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Some political science departments scramble to do Skype or phone interviews after cancellation of the American Political Science Association conference.

Essay on the nature of an instructor's work

Given the work before us, I will go into my first class today and try to meet my students as simply and directly as possible. Some of this work comes from the past, some from the state, and some from what we in my department have agreed to do.  Some of this work will come from what we carry with us, some from what we find blocking the way between us, and some from what we see up ahead.  We variously work ourselves into the work of the other.

Education is labor-intensive and expensive because it falls upon the tangled mess of human relationships struggling to find the work that works best. We just can’t know the work before we work it.  We hate the work we can’t make work, and we love the work we can. It takes time, and it takes money. And for some, more than others. Work, like love, is what we find when we find ourselves in what others have done.  

The best teacher I ever had loved me for my work and I loved her for hers. With a blue pen, I put words on college-ruled pages in a three-ringed notebook. Those words helped me find what I loved about the world. About books. About school. About small towns. About rivers. About music. About words on pages. She met me simply in the classroom and surprised me by what she loved. I knew I could talk to her and she would help me find myself in what others had done.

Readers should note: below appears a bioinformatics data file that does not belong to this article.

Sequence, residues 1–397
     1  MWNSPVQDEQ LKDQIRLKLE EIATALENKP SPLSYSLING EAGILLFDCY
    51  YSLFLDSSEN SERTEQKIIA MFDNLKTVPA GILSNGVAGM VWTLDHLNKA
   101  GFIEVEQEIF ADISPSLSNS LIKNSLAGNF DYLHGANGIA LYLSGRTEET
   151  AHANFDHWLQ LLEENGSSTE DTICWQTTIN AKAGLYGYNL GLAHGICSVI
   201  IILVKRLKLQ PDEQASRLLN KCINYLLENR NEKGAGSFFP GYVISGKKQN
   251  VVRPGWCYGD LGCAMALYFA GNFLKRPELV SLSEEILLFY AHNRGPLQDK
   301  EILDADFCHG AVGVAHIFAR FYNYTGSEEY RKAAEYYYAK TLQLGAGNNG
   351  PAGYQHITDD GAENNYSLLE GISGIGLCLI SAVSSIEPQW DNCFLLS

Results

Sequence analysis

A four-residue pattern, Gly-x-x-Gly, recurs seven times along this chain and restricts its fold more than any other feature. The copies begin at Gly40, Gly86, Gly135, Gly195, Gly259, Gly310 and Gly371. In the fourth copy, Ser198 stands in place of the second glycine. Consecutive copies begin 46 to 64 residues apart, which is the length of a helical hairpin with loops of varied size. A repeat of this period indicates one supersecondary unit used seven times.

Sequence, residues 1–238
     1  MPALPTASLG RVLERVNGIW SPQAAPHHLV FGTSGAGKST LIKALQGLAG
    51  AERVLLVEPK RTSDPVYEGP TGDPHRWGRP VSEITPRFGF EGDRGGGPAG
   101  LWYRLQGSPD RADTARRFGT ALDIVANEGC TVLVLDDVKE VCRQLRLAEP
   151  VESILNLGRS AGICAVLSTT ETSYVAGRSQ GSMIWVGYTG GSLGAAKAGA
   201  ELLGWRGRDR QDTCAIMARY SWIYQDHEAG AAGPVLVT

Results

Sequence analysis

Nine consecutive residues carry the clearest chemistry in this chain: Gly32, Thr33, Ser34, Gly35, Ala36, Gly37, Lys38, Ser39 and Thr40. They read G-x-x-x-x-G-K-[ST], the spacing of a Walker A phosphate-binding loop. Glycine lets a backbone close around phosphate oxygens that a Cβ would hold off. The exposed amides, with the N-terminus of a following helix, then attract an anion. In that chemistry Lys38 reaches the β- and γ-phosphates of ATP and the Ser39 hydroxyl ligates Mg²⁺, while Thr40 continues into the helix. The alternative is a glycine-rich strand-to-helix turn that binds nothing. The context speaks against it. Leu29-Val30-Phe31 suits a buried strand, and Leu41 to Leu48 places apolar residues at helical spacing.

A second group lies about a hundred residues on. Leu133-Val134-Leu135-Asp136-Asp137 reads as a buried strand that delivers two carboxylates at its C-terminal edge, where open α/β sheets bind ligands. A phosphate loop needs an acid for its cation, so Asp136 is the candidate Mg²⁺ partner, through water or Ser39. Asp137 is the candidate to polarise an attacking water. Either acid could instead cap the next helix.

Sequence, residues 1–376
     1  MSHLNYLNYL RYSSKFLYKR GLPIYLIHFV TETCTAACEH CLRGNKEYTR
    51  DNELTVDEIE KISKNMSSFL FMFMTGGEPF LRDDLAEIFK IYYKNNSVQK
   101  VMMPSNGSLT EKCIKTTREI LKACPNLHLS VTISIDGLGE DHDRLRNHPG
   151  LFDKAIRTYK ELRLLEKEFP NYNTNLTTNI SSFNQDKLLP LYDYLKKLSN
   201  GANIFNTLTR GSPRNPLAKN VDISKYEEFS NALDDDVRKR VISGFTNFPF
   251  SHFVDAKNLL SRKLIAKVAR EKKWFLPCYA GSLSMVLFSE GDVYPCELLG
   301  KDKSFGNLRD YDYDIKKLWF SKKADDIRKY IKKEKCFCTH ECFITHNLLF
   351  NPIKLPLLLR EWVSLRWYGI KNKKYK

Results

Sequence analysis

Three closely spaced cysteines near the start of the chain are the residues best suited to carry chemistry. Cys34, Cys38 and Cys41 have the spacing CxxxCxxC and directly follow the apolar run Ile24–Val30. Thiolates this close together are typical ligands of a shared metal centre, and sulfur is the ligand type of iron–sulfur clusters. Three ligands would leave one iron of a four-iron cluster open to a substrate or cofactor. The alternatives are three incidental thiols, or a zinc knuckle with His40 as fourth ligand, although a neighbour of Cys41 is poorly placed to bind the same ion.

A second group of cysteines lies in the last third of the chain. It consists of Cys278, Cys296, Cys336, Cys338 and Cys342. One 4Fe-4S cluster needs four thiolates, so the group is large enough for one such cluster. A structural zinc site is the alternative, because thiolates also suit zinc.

I know you had a different teacher, but it’s still true.

Let me put it another way. We are always reaching back into what has already been made. We do this with all of our body. It is very hard and very easy. We do it when we want to. And we do it when we aren’t aware we’re doing it. We are always standing together splashing each other in joy and sorrow with what we have made.

But there are also some of us who are pressing our noses against the window of what’s to come. I’d like to see more of us breathing into that glass. I’d like college to be more like that kind of pressing and breathing and working. Let us make work at college a place where we are both in and at and outside that window. What’s out there? Who?